I have been slightly off the grid for the last two months. My grandfather is very ill, and I have done my best to help my family with his care. We all took a very long, very much deserved vacation after finding some around the clock care for him and my grandmother. Throughout the process, I missed many invaluable Langcamp Google Hangouts that I said I would attend. And it’s ok. Even though I desperately want/need that priceless information and collaboration, I needed a break from my constant computer-screen-staring contest. And I have to forgive myself for that transgression. This time apart from my screen has also allowed me to really reflect on the very important role of technology in my life.

To be clear, I am not one of those educators who feel like technology is the be-all, end-all of education. I believe that it was Sara-Elizabeth Cottrell who said something to the effect of “technology for the sole purpose of using technology does nothing for our students”(something along those lines…sorry Mrs. Cottrell, I would search for it, but I am having a hard time with laziness after vacation!).  I completely agree with this idea, especially after all of the recent news about major Silicon Valley Techie parents sending their kids to ivy league schools where screens and computing devices are completely banned. I mean, come on, what do THEY know that we don’t know?  Maybe that their kids will be much farther ahead in life by having better interpersonal skills than ours? Maybe that their kids will be much smarter by not having to rely on technology for answers? Interesting, to say the least. Nevertheless, I am not a Silicon Valley parent, nor am I an ivy league teacher, and thus I teach to a very different demographic. I do believe that my students need to learn to think without technology; however, there are many invaluable opportunities that some technology affords my students, who rarely, if ever, travel.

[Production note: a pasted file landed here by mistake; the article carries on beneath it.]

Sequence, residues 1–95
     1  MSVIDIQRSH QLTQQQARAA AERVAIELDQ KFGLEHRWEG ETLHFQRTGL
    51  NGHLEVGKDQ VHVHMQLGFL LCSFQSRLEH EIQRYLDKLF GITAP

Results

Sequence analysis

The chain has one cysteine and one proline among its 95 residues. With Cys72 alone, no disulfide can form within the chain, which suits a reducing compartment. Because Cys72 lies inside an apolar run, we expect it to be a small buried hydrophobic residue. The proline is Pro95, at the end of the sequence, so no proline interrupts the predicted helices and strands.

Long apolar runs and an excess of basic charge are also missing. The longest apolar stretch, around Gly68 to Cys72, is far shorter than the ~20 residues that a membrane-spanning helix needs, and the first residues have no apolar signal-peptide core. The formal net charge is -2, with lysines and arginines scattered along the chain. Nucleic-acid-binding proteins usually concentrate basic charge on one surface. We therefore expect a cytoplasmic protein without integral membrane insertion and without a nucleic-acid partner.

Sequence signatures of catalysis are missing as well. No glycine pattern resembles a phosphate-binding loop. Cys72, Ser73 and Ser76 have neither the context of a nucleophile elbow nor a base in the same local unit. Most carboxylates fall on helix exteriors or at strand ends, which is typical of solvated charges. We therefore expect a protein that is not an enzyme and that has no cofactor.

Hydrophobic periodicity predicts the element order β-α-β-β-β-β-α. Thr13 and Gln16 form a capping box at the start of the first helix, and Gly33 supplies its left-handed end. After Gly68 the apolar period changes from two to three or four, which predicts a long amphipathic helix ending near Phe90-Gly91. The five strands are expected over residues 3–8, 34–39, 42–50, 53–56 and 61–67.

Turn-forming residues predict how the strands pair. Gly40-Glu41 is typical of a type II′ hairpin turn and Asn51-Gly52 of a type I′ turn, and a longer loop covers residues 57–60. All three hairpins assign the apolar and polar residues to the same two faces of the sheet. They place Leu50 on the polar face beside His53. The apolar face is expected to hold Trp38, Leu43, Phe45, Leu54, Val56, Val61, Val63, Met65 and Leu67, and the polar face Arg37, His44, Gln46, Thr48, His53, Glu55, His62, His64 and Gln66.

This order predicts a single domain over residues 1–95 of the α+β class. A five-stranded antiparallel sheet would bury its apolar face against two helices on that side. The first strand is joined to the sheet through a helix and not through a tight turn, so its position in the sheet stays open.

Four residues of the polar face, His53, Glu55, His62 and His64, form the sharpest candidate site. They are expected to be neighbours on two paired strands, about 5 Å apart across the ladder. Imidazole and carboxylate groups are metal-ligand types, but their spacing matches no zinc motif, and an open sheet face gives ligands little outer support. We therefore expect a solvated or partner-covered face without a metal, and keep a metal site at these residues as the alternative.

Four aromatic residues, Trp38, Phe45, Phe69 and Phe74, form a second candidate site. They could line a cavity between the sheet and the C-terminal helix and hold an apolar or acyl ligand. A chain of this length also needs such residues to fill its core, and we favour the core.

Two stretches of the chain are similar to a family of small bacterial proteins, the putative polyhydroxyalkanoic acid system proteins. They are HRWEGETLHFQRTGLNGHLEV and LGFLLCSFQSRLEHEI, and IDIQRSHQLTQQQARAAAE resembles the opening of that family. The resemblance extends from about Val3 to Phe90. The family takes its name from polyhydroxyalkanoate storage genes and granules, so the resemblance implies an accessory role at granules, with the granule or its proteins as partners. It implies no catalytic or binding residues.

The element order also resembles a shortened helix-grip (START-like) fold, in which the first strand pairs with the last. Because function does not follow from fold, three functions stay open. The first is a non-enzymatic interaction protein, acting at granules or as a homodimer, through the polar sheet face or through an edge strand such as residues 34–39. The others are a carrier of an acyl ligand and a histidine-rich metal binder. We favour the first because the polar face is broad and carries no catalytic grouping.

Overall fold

Technology has drastically opened my world in the last two years, as well. Specifically, Langchat, the PLN in which I am honored to say that I participate. In fact, it was so influential and impactful that last Spring I tried very hard to convince the state foreign language teacher association to bring in a Langchat moderator to speak in our annual fall conference. The request was denied, but with the encouragement of Langchat moderators Colleen Lee-Hayes and Diego Ojeda, I wrote a proposal to the director of the conference to give a presentation on Twitter PLNs and the impact on teacher and student learning. And it was accepted. And this is possibly the most exciting thing that has happened to me thus far in my teaching career! I am bringing along two of my departmental colleagues to help me share the good news on all that the world of Twitter has to offer for teachers/educators: collaboration, resources, contacts, and even interpersonal practice for our students!

If this blog post feels a little ambivalent to you, then it is truly a reflection of my feelings at the moment. I am already having nightmares about having not sent out the weekly update emails to all the parents of all of the students of our schools (per my newest title: parent involvement facilitator), and August isn’t even here yet. I hope to strike the right balance with technology this year. I have eliminated many of the tools that I required students to use in the past, and I’ve only added one to incorporate next year.

What do you do to achieve the right technological balance in your classroom?

Buena suerte,

Profe C

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